Posted by Iain Butler, Partner
A guide to parent companies and their subsidiaries: how far does responsibility go?
We are often used to hearing sayings like “the apple doesn’t fall far from the tree” or “like father like son/like mother like daughter”. These phrases are casually used to suggest that a child’s actions are not far off from the actions of their parent, or that a parent is wholly responsible for the behaviour of their child.
From a corporate law perspective, such everyday sayings force us to question to what extent these sayings apply to the corporate structure equivalent of the parent-child dynamic, and that is parent companies and their subsidiaries. Can we expect a parent company to be held responsible for the acts and omissions of its subsidiaries? This blog explores this notion in light of recent case law and considers the relationship between a parent company and its subsidiary to establish how far the responsibility stretches – or if any responsibility exists at all.
Did Unilever breach a duty of care?
The Unilever case particularly brought this topic to the forefront. Unilever Tea Kenya Limited (UKTL) is a Kenyan incorporated company that owned and operated a local tea plantation that faced a violent attack after the 2007 presidential election. The victims of the attack were the employees of UKTL and their family members who lived and worked alongside them in the plantation. Further to the attacks, the employees brought a claim against UKTL’s UK-registered parent company, Unilever Plc. This claim was brought on the grounds that Unilever owned UKTL and thus breached a duty of care to the victims as it failed to foresee the risk of the violence that arose. In not safeguarding adequate crisis management plans, the claimants argued that an undeniable breach of duty of care had occurred.
Unilever disputed this on the basis that a sufficient degree of connection and proximity, between its activities as a company and the damage suffered by the victims, did not exist. In coming to its decision, the Court looked closely at the corporate structures in place in regard to Unilever’s crisis management policy. Unilever highlighted that at the time of the attacks, UKTL had its own separate and independent ‘crisis and management policy’ in conjunction with its own management training programme. In addition to this, UKTL had never consulted with or referred to Unilever in regard to the policy; UKTL did not seek advice from Unilever on how to run the plantation or to dictate its relations with the local Kenyan community. The High Court therefore struck out the claimant’s case.
The recent Court of Appeal decision in 2018 confirmed that as UKTL failed to demonstrate that Unilever dictated or advised upon the terms of UKTL’s crisis management plans, no duty of care was present. The Court acknowledged that a parent company is not automatically legally responsible for the actions and activities of its subsidiaries. A parent company is a separate legal entity to its subsidiary and both companies are independently responsible for their own activities.
The Court ruled, however, that a duty of care may be more likely to be established if a nature of involvement or intervention in the dealings of the subsidiary can be proven on the part of the parent company. The Court then outlined two examples in which a parent company may owe a duty of care to the employees of a subsidiary:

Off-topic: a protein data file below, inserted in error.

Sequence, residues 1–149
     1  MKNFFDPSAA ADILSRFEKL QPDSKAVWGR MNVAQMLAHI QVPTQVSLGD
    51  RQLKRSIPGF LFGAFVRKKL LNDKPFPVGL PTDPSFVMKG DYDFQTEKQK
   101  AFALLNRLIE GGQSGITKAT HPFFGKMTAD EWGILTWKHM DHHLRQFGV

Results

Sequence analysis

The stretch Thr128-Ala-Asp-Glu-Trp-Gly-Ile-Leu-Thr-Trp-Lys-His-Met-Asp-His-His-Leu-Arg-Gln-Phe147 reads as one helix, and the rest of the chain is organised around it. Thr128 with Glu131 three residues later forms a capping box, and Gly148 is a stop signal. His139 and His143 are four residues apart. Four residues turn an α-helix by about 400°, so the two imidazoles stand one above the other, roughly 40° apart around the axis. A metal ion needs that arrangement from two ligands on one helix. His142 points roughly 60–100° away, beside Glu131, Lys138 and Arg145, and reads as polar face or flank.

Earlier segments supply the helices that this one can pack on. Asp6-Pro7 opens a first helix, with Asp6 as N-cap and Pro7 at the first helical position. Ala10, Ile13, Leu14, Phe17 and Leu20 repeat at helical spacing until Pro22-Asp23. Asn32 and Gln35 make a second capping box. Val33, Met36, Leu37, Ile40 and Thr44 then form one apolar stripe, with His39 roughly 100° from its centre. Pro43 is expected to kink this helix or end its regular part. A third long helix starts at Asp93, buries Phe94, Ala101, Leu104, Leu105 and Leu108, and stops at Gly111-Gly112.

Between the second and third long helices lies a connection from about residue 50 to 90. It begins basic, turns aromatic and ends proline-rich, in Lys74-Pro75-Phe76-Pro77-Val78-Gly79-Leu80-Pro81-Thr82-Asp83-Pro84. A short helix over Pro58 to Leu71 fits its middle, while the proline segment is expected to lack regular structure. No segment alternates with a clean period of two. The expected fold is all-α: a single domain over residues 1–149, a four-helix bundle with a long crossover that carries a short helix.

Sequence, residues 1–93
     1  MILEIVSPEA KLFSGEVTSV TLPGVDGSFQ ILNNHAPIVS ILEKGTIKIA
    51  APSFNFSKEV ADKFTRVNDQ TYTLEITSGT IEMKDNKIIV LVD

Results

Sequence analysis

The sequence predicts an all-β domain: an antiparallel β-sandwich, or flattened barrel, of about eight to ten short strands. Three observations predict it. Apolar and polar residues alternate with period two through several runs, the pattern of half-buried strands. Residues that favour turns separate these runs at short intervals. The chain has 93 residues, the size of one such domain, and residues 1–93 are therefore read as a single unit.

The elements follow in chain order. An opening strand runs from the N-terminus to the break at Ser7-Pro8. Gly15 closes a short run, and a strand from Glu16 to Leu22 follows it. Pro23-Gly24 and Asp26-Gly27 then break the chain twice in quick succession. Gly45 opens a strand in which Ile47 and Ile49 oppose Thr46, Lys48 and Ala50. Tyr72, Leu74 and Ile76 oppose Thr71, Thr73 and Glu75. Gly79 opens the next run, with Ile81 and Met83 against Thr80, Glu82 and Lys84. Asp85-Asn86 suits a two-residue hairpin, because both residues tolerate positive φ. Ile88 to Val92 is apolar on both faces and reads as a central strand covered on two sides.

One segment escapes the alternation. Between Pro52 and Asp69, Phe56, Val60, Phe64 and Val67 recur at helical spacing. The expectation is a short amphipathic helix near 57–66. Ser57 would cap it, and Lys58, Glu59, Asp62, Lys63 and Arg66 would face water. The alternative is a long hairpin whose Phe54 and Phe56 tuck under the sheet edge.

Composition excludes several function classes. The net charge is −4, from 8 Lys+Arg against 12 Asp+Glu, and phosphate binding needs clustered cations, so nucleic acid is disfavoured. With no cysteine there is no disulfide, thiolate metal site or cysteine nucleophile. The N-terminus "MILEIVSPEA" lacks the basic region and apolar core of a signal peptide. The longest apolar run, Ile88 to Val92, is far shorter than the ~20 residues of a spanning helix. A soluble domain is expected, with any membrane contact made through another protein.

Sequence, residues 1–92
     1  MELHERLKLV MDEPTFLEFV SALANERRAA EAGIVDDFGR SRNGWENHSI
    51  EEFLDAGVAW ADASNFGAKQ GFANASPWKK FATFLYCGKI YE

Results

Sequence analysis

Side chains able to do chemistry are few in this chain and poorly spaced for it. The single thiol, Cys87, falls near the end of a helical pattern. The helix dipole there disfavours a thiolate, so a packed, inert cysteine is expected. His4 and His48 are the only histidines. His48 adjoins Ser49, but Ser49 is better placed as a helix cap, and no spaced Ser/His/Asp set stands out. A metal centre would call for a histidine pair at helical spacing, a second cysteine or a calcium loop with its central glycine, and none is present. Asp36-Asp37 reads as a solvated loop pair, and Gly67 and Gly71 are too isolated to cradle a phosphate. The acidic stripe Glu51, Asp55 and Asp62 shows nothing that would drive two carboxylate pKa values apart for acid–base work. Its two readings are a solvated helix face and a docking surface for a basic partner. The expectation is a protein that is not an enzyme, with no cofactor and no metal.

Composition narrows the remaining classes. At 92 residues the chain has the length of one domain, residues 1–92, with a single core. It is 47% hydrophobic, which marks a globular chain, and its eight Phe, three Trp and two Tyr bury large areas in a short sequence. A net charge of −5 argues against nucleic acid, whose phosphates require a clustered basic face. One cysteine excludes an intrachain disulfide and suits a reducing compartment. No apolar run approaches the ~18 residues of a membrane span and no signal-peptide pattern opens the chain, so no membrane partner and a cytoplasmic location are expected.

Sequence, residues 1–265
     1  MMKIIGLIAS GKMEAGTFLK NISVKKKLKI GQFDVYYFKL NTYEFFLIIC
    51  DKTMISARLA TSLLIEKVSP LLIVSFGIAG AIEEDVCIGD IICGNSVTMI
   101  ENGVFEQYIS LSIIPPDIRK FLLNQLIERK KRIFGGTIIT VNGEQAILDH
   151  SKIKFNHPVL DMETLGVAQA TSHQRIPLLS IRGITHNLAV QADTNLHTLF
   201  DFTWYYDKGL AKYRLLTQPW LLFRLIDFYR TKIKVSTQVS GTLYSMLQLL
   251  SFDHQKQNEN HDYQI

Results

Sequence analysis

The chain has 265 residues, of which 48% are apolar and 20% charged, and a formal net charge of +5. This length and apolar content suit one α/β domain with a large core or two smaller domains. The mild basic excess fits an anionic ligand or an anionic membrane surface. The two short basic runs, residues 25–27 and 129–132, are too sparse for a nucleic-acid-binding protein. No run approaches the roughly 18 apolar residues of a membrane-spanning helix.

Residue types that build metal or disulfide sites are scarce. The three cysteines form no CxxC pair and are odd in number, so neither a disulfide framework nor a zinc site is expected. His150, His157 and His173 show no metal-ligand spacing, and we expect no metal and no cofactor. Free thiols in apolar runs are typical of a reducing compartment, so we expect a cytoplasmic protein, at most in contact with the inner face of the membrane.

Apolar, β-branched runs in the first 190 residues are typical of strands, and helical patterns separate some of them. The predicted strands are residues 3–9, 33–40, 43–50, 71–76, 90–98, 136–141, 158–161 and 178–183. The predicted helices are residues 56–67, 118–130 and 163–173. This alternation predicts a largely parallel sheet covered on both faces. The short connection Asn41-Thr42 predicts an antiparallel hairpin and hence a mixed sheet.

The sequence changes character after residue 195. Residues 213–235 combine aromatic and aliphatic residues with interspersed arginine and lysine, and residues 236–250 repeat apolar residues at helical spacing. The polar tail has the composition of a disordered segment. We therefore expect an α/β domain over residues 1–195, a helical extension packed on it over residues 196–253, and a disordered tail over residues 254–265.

where the parent company had taken over management or arranged joint management with the subsidiary company; or
where the parent company had given the subsidiary advice on how to manage a possible risk.
The case was dismissed in this instance as the claimants had failed to demonstrate either of the above 2 grounds. Despite this, this case is important for its commentary on the duty of care legally expected from a parent company. This is evident from the case of Vedanta Resources Plc and Konkola Copper Mines Plc v Lungowe and Others  UKSC 20 in which Zambian villagers brought claims relating to personal injury and property damage in connection to mining activity in Zambia against Vedanta Resources Plc, a UK-incorporated company, and Konkola Copper Mines Plc, its Zambian subsidiary. In reaching its decision, the Supreme Court considered whether the lower courts had assessed if the case against Vedanta was truly triable. They agreed with the ruling of the lower courts, holding that Vedanta owed the claimants a duty of care as the parent company had actively managed and controlled its subsidiary. The Supreme Court found that although the parties agreed that Vedanta and Konkola’s liability was dictated by Zambian law, the extent of Vedanta’s involvement in the operations and management of Konkola’s mine was a relevant point in both the negligence and statutory liability claims.
What can we learn from this?
The Unilever case not only demonstrates that the involvement of a parent company in the affairs of the subsidiary is the key factor that needs to be determined to establish the extent of liability, but the case also has serious implications for UK-based companies. Ultimately, to minimise the risk of a parent company having liability for its subsidiaries’ activities, it is important to separate the corporate governance of both the parent and subsidiary company. How each company is managed and who is in control of its affairs will be important elements in assuming whether the parent is liable for the actions of the subsidiary. Parent company liability may go further than expected if such separation is not clear.
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